Authors

Matthew K. Hoffman, Christiana Care, Newark, DE USA
Shivaprasad S. Goudar, KLE’s JN Medical College, Belgaum, India
Bhalachandra S. Kodkany, KLE’s JN Medical College, Belgaum, India
Norman Goco, RTI International, Research Triangle Park, NC USA.
Marion Koso-Thomas, Eunice Kennedy Shriver National Institute of Child Health and Human Development, Bethesda, MD USA.
Menachem Miodovnik, Eunice Kennedy Shriver National Institute of Child Health and Human Development, Bethesda, MD USA.
Elizabeth M. McClure, RTI International, Research Triangle Park, NC USA.
Dennis D. Wallace, RTI International, Research Triangle Park, NC USA.
Jennifer J. emingway-Foday, RTI International, Research Triangle Park, NC USA.
Antoinette Tshefu, Kinshasa School of Public Health, Kinshasa, Democratic Republic of the Congo
Adrien Lokangaka, Kinshasa School of Public Health, Kinshasa, Democratic Republic of the Congo
Carl L. Bose, University of North Carolina, Chapel Hill, NC USA.
Elwyn Chomba, University Teaching Hospital, Lusaka, Zambia
Musaku Mwenechanya, University Teaching Hospital, Lusaka, Zambia
Waldemar A. Carlo, University of Alabama at Birmingham, Birmingham, AL USA.
Ana Garces, Instituto de Nutrición de Centroamérica y Panamá (INCAP), Guatemala City, Guatemala
Nancy F. Krebs, University of Colorado School of Medicine, Denver, CO USA.
K. Michael Hambidge, University of Colorado School of Medicine, Denver, CO USA.
Sarah Saleem, Aga Khan UniversityFollow
Robert L. Goldenberg, Columbia University, New York, NY USA.
Archana Patel, Lata Medical Research Foundation, Nagpur, India
Patricia L. Hibberd, Boston University School of Public Health, Boston, MA USA.
Fabian Esamai, Moi University School of Medicine, Eldoret, Kenya
Edward A. Liechty, School of Medicine, Indiana University, Indianapolis, IN, USA.
Robert Silver, University of Utah, Salt Lake City, UT USA.
Richard J. Derman, Thomas Jefferson University, Philadelphia, PA USA.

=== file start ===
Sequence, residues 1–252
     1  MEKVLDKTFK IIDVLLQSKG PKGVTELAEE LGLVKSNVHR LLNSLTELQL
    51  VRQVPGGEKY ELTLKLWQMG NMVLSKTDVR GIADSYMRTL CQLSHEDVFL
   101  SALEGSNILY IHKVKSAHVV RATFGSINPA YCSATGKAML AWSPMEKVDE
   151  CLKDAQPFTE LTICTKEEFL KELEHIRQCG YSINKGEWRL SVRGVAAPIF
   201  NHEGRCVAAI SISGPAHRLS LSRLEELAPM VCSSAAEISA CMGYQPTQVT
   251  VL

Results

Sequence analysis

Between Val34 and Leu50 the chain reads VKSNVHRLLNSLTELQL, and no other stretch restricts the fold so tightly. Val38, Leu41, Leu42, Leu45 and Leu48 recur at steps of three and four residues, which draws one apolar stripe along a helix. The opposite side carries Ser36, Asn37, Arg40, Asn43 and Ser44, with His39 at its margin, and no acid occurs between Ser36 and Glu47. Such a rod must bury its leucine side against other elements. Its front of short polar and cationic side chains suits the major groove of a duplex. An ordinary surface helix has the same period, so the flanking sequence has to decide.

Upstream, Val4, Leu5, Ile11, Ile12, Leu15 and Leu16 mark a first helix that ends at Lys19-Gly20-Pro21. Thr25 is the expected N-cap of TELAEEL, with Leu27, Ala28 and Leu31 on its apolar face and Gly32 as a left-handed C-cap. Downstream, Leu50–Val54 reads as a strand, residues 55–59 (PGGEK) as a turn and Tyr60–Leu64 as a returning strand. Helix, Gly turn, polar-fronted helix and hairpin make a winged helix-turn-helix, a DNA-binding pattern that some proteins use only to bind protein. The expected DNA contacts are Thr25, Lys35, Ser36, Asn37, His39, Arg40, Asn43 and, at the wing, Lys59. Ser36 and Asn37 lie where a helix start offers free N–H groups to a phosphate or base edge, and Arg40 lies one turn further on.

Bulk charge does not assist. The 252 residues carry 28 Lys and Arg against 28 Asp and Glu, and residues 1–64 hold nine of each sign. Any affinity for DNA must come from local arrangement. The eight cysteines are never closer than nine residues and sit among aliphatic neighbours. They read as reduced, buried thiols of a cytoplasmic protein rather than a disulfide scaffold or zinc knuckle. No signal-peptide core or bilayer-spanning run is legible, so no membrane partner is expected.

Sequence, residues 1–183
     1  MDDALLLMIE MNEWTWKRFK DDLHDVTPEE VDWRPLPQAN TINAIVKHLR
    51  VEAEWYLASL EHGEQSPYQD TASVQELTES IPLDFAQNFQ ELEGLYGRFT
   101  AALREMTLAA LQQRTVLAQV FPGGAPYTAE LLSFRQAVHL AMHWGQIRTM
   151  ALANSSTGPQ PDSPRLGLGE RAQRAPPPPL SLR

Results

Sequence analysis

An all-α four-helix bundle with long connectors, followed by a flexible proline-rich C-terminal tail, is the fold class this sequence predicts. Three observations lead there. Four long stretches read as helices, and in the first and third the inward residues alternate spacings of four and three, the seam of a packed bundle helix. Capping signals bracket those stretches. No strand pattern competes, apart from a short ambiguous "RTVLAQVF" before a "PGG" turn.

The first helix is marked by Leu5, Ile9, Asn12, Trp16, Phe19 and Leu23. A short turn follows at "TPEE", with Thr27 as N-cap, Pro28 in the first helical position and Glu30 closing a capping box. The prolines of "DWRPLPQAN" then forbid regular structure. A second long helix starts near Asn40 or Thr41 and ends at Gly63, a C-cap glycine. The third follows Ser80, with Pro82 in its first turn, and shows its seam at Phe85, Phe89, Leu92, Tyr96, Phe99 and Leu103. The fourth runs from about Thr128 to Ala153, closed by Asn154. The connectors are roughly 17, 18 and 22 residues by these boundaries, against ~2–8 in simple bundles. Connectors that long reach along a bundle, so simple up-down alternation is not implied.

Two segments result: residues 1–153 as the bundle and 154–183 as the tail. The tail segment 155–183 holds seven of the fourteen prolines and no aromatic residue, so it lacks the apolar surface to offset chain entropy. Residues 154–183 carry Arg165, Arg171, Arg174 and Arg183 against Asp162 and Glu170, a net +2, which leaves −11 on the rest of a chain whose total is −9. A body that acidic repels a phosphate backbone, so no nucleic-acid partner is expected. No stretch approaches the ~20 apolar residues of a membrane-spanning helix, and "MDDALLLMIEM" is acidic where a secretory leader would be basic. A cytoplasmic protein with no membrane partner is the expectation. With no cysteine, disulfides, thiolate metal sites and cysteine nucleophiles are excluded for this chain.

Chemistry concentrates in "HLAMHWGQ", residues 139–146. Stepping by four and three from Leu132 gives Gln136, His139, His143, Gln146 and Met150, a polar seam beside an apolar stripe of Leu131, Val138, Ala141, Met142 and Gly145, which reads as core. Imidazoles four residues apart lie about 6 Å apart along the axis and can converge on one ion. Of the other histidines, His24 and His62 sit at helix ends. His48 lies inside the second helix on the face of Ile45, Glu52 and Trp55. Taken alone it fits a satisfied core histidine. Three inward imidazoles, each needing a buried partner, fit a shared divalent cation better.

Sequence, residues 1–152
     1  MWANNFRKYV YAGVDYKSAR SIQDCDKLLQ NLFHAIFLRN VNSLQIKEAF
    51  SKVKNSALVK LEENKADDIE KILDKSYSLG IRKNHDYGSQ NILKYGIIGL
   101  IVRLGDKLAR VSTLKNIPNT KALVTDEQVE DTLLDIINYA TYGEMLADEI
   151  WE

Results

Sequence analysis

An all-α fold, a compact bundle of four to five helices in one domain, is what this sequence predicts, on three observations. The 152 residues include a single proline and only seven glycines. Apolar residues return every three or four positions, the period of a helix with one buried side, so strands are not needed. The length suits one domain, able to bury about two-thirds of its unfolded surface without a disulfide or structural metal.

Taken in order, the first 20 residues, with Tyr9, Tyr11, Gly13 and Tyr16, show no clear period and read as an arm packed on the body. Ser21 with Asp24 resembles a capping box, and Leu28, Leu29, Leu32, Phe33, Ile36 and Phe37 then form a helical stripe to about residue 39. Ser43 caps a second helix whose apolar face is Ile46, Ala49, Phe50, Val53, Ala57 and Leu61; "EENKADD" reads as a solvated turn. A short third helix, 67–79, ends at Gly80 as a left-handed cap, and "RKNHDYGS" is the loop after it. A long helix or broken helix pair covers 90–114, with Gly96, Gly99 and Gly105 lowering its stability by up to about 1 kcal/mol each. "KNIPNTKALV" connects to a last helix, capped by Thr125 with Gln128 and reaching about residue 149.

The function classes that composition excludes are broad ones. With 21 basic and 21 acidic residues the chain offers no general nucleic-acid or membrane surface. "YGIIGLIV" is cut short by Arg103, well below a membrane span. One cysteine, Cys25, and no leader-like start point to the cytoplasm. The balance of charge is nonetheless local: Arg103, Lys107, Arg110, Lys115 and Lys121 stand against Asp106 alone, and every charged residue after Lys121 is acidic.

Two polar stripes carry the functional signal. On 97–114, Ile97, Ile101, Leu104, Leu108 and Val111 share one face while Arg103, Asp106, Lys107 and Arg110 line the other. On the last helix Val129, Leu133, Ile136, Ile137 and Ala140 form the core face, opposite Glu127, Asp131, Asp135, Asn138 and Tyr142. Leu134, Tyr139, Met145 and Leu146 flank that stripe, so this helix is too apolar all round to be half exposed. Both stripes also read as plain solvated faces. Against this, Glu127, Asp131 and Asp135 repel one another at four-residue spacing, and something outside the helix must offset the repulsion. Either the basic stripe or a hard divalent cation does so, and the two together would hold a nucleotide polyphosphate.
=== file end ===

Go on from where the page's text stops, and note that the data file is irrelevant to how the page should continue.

Document Type

Article

Department

Community Health Sciences

Abstract

BACKGROUND:

Preterm birth (PTB) remains the leading cause of neonatal mortality and long term disability throughout the world. Though complex in its origins, a growing body of evidence suggests that first trimester administration of low dose aspirin (LDA) may substantially reduce the rate of PTB.

METHODS:

Hypothesis: LDA initiated in the first trimester reduces the risk of preterm birth. Study Design Type: Prospective randomized, placebo-controlled, double-blinded multi-national clinical trial conducted in seven low and middle income countries. Trial will be individually randomized with one-to-one ratio (intervention/control) Population: Nulliparous women between the ages of 14 and 40, with a singleton pregnancy between 6 0/7 weeks and 13 6/7 weeks gestational age (GA) confirmed by ultrasound prior to enrollment, no more than two previous first trimester pregnancy losses, and no contraindications to aspirin.

INTERVENTION:

Daily administration of low dose (81 mg) aspirin, initiated between 6 0/7 weeks and 13 6/7 weeks GA and continued to 36 0/7 weeks GA, compared to an identical appearing placebo. Compliance and outcomes will be assessed biweekly.

OUTCOMES:

Primary outcome: Incidence of PTB (birth prior to 37 0/7 weeks GA). Secondary outcomes Incidence of preeclampsia/eclampsia, small for gestational age and perinatal mortality.

DISCUSSION:

This study is unique as it will examine the impact of LDA early in pregnancy in low-middle income countries with preterm birth as a primary outcome. The importance of developing low-cost, high impact interventions in low-middle income countries is magnified as they are often unable to bear the financial costs of treating illness.

Publication

BMC Pregnancy and Childbirth

Creative Commons License

Creative Commons Attribution 4.0 License
This work is licensed under a Creative Commons Attribution 4.0 License.

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